I think about myself at age 10 as I write this, without the words to articulate my new understandings of who I was. I think of who I am and who I was as plural because my queerness was and is not a monolith; it is an amalgamation of multiple shifting identities I hold within me and those that manifest in how I engage with the world around me.
This knowledge came to me far too late in life.
As a fat queer child, how I navigated the world and myself was complex and isolating. I did not have the representation I needed to understand myself better, nor did I have adults around me with exposure to what I was experiencing.
As I grew up, I realized that this was an experience common to hundreds of children and young people around me. Almost every LGBTQ+ person I have known has faced isolation, stigma, bullying and harassment – even within our own families. Our identities have been denied, and we have been pushed to conform.
It shouldn’t be surprising then that the mental health of LGBTQ+ children and youth is often low. This is not a result of our identities. Our mental health is put at risk by insensitivity, prejudice and oppressive structures that deny us our human rights.
One Future Collective, the organization I founded, works with young LGBTQ+ persons to develop their knowledge and advocacy skills. We provide safe spaces and mental health support. Many of the young people we work with are often faced with deep trauma. Even experiences within families leave LGBTQ+ children feeling that they are not normal – that they are not deserving of love and care.
This lack of acceptance often manifests as neglect, abuse, violence, abandonment, forced homelessness and poverty for many of us. This reduces our access to any form of care and further worsens our mental health. It starts an oppressive spiral and launches us on an eternal quest for an independence that allows us to leave abusive homes.
In the face of discrimination and marginalization in other spheres, support from family members, especially parents, can play a pivotal and transformative role in the lives of LGBTQ+ children. Sometimes, this support can be as simple as affirming children’s identity and accepting them as they are.
Providing support is an evolving process for parents and children. Oftentimes, due to widely held cultural beliefs or conflicting social norms, it may be difficult for some parents to get used to the idea that their children may live a lifestyle that is different from what they had envisioned.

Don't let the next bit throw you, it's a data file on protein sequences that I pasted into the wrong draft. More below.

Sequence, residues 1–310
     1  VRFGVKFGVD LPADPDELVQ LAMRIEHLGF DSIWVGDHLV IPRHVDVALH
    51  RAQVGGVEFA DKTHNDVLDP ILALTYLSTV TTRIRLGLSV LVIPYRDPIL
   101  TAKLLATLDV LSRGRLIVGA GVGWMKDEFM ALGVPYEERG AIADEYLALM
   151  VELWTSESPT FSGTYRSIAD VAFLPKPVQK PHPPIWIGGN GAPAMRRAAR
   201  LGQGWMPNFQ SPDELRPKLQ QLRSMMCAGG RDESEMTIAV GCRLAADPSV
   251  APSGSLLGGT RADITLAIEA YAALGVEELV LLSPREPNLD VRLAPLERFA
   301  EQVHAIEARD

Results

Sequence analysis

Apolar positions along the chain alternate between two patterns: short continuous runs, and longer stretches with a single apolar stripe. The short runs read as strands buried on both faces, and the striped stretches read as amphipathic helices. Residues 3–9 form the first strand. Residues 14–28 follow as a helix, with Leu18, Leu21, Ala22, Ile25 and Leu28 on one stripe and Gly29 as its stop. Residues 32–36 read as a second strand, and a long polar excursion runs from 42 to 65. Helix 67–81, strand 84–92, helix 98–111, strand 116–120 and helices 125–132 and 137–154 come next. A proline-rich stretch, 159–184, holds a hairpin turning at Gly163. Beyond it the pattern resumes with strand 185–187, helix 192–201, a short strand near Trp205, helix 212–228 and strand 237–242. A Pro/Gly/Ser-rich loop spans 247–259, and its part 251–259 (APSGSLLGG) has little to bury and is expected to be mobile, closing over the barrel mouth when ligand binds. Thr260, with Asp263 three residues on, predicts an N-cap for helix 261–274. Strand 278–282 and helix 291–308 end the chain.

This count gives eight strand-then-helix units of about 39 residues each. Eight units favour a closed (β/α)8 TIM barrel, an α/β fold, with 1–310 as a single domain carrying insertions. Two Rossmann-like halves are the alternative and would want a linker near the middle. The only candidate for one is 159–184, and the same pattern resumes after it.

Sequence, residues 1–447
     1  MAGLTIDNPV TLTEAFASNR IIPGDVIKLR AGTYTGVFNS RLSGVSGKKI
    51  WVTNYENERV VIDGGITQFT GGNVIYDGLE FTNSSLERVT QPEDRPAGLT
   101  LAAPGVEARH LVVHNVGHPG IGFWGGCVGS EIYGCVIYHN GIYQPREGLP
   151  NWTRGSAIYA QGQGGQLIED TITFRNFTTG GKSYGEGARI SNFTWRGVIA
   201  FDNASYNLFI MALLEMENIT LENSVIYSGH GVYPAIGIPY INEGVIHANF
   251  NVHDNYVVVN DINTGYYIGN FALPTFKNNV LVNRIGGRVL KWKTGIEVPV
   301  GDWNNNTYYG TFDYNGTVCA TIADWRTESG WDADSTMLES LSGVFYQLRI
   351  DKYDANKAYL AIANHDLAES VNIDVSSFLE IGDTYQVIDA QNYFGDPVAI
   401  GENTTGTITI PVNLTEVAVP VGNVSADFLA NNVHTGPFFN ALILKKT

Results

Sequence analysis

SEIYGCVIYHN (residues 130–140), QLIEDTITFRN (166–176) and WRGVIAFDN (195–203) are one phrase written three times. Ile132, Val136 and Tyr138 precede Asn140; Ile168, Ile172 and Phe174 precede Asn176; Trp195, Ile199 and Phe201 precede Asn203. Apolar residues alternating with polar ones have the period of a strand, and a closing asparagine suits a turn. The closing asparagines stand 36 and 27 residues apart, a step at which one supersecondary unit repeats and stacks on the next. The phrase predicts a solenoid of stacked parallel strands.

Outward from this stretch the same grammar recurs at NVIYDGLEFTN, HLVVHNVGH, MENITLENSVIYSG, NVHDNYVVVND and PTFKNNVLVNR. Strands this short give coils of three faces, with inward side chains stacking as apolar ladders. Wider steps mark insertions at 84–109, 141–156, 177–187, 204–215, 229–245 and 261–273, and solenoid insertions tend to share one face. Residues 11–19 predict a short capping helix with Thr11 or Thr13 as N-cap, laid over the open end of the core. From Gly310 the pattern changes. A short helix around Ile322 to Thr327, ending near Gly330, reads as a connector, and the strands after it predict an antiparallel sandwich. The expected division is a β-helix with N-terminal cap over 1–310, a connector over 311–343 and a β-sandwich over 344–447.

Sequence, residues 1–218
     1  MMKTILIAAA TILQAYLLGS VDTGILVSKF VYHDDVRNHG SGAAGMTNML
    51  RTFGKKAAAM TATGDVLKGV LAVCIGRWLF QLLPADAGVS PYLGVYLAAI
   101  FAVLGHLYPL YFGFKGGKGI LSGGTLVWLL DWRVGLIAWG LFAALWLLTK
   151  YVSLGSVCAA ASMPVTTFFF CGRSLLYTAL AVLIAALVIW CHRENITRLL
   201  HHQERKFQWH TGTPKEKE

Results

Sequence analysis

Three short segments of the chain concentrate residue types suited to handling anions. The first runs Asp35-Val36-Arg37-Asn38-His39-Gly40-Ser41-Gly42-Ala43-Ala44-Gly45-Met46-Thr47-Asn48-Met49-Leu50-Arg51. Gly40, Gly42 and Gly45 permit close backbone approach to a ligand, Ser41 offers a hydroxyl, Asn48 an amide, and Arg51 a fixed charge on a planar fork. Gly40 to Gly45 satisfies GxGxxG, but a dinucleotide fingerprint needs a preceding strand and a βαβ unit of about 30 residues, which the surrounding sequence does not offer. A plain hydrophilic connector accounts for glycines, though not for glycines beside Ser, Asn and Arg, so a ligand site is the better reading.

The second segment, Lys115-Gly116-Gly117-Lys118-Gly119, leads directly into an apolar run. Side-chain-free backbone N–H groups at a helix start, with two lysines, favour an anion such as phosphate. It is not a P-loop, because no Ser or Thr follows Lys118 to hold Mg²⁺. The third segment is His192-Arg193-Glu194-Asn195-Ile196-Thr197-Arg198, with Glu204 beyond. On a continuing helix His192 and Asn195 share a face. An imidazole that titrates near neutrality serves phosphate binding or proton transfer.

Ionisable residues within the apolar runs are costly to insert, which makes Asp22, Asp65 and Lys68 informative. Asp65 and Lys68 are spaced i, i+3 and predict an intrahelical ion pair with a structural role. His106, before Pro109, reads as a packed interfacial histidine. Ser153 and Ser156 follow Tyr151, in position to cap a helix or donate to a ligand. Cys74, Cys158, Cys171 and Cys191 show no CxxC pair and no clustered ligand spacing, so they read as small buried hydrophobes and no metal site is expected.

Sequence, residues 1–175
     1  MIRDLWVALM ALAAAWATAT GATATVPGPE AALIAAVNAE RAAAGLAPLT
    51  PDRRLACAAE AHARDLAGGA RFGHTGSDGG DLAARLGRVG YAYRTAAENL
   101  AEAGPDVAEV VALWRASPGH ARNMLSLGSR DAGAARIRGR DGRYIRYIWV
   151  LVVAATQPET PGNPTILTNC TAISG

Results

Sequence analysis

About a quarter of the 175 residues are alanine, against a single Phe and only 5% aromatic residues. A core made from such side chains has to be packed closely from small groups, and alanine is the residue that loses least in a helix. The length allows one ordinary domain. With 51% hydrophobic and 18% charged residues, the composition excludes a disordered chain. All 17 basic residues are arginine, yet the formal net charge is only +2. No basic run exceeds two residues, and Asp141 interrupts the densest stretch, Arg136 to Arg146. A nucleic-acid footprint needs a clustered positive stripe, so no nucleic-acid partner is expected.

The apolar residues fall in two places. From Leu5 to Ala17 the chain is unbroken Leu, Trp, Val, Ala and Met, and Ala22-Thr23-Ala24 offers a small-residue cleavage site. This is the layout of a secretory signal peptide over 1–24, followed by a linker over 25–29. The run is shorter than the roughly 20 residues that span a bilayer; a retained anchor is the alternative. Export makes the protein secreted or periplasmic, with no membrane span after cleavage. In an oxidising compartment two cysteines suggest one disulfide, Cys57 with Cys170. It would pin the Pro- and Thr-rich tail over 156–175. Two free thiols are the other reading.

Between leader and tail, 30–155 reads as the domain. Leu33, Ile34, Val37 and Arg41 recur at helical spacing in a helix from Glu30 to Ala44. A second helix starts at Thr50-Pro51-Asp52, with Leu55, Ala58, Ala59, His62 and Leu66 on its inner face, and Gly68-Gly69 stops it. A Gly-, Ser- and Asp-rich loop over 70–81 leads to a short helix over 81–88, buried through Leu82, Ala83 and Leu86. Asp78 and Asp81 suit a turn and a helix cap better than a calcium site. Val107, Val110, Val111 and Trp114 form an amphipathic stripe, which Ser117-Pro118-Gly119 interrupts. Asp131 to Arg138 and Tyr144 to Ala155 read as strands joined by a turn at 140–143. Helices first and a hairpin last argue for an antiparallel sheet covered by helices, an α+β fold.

For parents, this is where it becomes important to question whether this dissonance is coming out of love and concern for your children or because of your own personal discomfort. Dismissing children’s identity as a phase or something that needs to be cured can lead to children feeling rejected and add to their distress.
Parents, there are a myriad of ways in which you can support your children and build a safe harbour for them, including:
1. Learning what your child needs by creating a safe space and having a two-way dialogue with them to understand their experiences and concerns.
2. Making efforts to educate yourselves more about the unique joys and challenges that LGBTQ+ children face.
3. Seeking peer support and reaching out to communities of other parents who have LGBTQ+ children to process your experiences.
4. Advocating for LBGTQ+ issues by initiating difficult conversations with family and the community.
5. Taking a stand for your children, whether at school, in college, in a family setting, or even in a public space. It's important that they see you not only accept them in private but that you do so publicly.
Policymakers and decision makers, you can also make a difference in the lives of LGBTQ+ children and young people. You can prioritize the safety and mental well-being of LGBTQ+ children and young people; you can build knowledge about LGBTQ+ identities through outreach to families, communities and in school curriculums; you can ban conversion therapies that deny our identities.
Maintaining the mental health and well-being of LGBTQ+ children and young people requires policy and infrastructure changes. But we also need parents and families who understand us, educators who accept us, and peers who respect us.
About the author:
Vandita Morarka is the founder and CEO of One Future Collective, a feminist non-profit dedicated to inclusive social justice and compassionate youth leadership. Vandita is a human rights lawyer, feminist researcher and rights-based consultant whose work has impacted over 2 million lives. The research and editing was supported by Anvita Walia, an activist, mental health practitioner, social justice educator and Senior Program Officer at One Future Collective.
Republished from On My Mind: How adolescents experience and perceive mental health around the world – a companion report to the State of the World's Children 2021.